During the past three weeks, veterinary staff have kept Bald Eagle #21-0214 in the Center’s indoor holding area for daily treatment and close observation. An in-house lead test revealed that chelation therapy has successfully removed the lead from the eagle’s system, and radiographs have shown slight improvement of the fracture in the eagle’s right wing. However, the puncture wounds on the eagle’s left wing did not respond to its initial course of anti-inflammatories, and developed into a desiccated and severely necrotic wound along the patagium of its wing, a part of the wing that is essential for flight.
Veterinary staff have been cleaning the wound daily with an antiseptic and applying a medical gel to rehydrate the necrotic tissue. By keeping the wound moist, the dead tissue should become easier to remove, which will allow the veterinary team to surgically debride the wound and preserve some of the healthy tissue. To facilitate this process, they have been applying a specialized type of bandage to the wound that helps maintain a moist environment. The veterinary team also started the eagle on a course of antibiotics to help fight off its infection, and anti-fungal medication to prevent aspergillosis, a type of fungal infection that is common in Bald Eagles in captivity.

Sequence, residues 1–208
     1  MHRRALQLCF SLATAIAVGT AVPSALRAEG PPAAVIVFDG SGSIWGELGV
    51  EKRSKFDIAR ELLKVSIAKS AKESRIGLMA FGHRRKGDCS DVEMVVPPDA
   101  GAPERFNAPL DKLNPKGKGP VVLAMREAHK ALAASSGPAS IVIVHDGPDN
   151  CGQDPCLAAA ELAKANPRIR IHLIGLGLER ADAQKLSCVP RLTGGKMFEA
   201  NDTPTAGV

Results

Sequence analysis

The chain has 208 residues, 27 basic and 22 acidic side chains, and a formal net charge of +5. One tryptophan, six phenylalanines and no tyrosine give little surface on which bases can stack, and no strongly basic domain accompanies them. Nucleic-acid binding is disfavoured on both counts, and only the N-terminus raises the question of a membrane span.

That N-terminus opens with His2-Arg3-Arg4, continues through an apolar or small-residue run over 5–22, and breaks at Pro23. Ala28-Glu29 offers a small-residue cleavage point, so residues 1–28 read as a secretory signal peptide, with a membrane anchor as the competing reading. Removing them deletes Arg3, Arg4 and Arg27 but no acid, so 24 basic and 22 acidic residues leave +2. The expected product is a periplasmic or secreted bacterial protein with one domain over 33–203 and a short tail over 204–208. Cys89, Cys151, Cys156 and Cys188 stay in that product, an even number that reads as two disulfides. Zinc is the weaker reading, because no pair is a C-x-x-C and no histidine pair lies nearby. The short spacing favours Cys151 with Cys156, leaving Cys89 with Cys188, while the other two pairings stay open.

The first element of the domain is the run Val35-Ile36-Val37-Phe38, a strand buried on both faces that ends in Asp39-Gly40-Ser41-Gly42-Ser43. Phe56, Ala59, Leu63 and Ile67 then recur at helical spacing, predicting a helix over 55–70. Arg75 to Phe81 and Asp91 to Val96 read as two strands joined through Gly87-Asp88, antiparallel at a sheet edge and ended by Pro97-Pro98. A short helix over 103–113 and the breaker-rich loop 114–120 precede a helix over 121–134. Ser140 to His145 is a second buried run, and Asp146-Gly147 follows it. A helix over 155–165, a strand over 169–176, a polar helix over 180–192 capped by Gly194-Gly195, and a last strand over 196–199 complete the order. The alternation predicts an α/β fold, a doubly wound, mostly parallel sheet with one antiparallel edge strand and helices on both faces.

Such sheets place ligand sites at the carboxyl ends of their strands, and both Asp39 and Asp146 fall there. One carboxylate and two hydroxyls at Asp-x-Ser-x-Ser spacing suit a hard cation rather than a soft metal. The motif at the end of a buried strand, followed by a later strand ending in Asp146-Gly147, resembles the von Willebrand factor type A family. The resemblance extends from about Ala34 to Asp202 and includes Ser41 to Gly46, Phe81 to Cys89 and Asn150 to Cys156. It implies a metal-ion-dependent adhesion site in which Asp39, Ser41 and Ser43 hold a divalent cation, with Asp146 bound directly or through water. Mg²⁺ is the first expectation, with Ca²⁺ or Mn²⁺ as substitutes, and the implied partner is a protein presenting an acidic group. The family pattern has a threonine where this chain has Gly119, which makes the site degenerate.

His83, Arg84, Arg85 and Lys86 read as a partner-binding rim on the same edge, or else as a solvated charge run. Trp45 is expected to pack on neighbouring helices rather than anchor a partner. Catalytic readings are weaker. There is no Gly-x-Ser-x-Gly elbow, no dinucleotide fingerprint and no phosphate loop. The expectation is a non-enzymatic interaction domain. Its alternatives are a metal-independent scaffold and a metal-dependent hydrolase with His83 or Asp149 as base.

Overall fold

The eagle is currently remaining indoors where it can rest in between treatment and be closely monitored by veterinary staff. Once the wound on its wing is hydrated enough, they plan to perform surgery to remove the dead tissue and close up the wound. They also plan to take additional radiographs at a later date to assess if its fractures continue to improve.